By Karlene Skretting
Westwind Weekly News
Over the last 38 years, many local women have stepped up and taken an active role in helping preserve the history and stories of the Utah pioneers who first settled Southern Alberta.
The International Society Daughters of Utah Pioneers (ISDUP, DUP) is a women’s organization dedicated to preserving the history of the original settlers in the geographic area covered by the State of Deseret and Utah Territory, including Mormon pioneers. Many local communities have taken an active role including Magrath, Raymond, Stirling, Cardston, Taber and Lethbridge.
DUP was organized on April 11, 1901 in Salt Lake City by Annie Hyde, a daughter of John Taylor, a former president of The Church of Jesus Christ of Latter-day Saints.
The objective is to “perpetuate the name and achievements of the men, women, and children who were the pioneers of this commonwealth: by preserving old landmarks, marking historical places, collecting artifacts and histories, establishing a library of historical matter, and securing manuscripts, photographs, maps, and all such data as shall aid in perfecting a record of Utah pioneers; …” reads page two of the ISDUP Constitution.
As of September 2014, there were 192 DUP members in Canada with a total membership of 22,585 including the United States, shared ISDUP membership chair, Joleen Barker. Magrath accounts for 12 of those members.
Durraine Leavitt brought DUP to Alberta and Canada in 1976, the first Camp was in Cardston. The Magrath Camp was formed on June 29, 1988. Ann Norton was the founding Captain in the Garden City.
“When the pioneers came across the plains, they came in Companies, so we call our main group a Company and then the pioneers broke up into Camps within the Company wagon train, so that is why the subgroups are called Camps,” explained Garden City (Magrath) Camp captain Lois Bourne about the DUP terminology. Magrath is part of the Cardston Company.
A marker to recognize the contributions of pioneers who came to southern Alberta through the Stirling Siding Railway Station was unveiled on May 5, 1995.
The ceremony was hosted by the Daughters of Utah Pioneers. Today, a 17-ton rock remains on the highway east of Stirling to commemorate the site where pioneers first arrived in the area and later left from to start new lives across southern Alberta.
It was on May 5, 1899 that the first group of 30 pioneers reached the point of narrow gauge railroad near where the rock is now located.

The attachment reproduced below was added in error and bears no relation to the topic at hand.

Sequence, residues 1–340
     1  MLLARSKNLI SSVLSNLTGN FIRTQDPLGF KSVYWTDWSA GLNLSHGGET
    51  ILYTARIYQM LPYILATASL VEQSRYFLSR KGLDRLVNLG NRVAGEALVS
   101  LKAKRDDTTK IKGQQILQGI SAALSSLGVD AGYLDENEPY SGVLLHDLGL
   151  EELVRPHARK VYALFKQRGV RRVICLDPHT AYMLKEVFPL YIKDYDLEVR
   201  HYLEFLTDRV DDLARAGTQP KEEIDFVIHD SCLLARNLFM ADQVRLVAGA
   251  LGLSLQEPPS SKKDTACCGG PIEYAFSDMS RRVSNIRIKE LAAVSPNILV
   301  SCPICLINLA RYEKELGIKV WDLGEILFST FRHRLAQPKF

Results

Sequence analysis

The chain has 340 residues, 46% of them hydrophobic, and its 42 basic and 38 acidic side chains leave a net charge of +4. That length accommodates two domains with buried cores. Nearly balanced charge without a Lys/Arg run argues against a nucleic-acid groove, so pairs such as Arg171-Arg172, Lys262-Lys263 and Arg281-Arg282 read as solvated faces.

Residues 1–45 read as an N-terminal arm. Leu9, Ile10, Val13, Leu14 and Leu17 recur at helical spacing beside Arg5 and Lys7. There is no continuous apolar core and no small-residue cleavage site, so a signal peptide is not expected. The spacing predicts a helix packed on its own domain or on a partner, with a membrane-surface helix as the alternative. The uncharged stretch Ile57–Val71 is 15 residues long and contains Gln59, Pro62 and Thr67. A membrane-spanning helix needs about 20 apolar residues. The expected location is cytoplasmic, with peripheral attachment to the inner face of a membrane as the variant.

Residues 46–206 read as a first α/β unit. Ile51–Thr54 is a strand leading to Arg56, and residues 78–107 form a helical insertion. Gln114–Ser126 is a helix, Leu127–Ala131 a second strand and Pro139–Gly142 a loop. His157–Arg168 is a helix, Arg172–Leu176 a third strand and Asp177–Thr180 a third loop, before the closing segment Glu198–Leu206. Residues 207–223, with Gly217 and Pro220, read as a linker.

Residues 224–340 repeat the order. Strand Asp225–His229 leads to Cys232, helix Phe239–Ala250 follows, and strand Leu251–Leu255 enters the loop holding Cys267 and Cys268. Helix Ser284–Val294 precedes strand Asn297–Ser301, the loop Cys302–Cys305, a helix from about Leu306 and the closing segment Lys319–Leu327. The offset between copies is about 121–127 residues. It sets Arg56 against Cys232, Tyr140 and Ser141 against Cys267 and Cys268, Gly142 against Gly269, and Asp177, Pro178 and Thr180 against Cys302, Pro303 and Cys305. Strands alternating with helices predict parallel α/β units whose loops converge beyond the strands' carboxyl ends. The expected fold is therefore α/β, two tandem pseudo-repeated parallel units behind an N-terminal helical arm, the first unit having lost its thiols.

The Stirling marker was the 476 marker for the DUP organization and the first international marker placed outside the United States.
Today there are Canadian markers in Stirling, Caldwell, Taber, Lethbridge and Raymond.
The markers honour historically significant buildings and locations in southern Alberta for early pioneers, explained Bourne.
“Stirling remains the best-preserved example of a Church of Jesus Christ of Latter-day Saints agricultural village,” Ron Bore, a former president of the Stirling Historical Society was quoted saying in an archived Lethbridge Herald article .
The original two-and-a-half-acre lots are still quite evident within the town.
“Today Stirling is the best-preserved surviving example of a distinctive settlement pattern known as a Mormon Agricultural Village,” said Bore in the same article. “The plan was based on the Plat of Zion, a model village developed by LDS church founder Joseph Smith, and modified and adapted by Mormon settlers in the Western United States.”
In 2001, to celebrate the centennial of DUP, the 135 women in the Magrath and Cardston camps, at the time, joined together to compile a four-book set of the ‘Women of Fame and Fortitude.’ The set, about 950 pages per book, chronicled the history of the men and women who made the trek across the United States to settle in Utah, prior to 1869 when the railway was established for transit.
“Each month at our Camp meetings, we present a history of an ancestor to the group,” said Bourne. “Those histories are sent to the Lethbridge Family History Office and then to Salt Lake City.”
The histories from all the Camps in Alberta and the United States, and other specialty written histories of women on the trek, were compiled into these books, complete with pictures.
A set of these books was presented to the Cardston and Magrath Family History Society Libraries and have since proven to be valuable resources for genealogy and family history.
Most recently, the Magrath Garden Camp awarded 25-year pins. Gloria Alston, Garda Law, Barbara Davies and the late Donna Thomson received the hounour for their dedication, service and support of the organization. Lois Bourne and Alice Gibb received 20-year pins, while Molly McBride was awarded a 10-year pin.
The DUP meet on the fourth Monday of each month, at 1 p.m. at the Diamond Willow Terrace Lodge.
They enjoy a lesson from Salt Lake that reflects on some aspect of pioneer life and a local Sister shares a history of one of their ancestors and their legacy.
Anyone is invited to attend, whether you have pioneer ancestry, are LDS, or not. Non-direct descendants can become associate members and share pioneer stories too.
The average age of the current membership in Magrath is 80, they like many other rural Alberta Camps, are actively seeking new members to continue carrying on the legacy.
“We kind of get a sense of who we are by our history, by our ancestors and where we’ve come from,” said Connie Huber, Garden City Camp secretary.
Lois and Connie agree that knowing ones history and background gives a sense of purpose in life. And that DUB is a special sisterhood.
If interested in more information, or to join a local DUB Camp, please call Lois Bourne at 403-758-3578 or Connie Huber at 403-758-3180.
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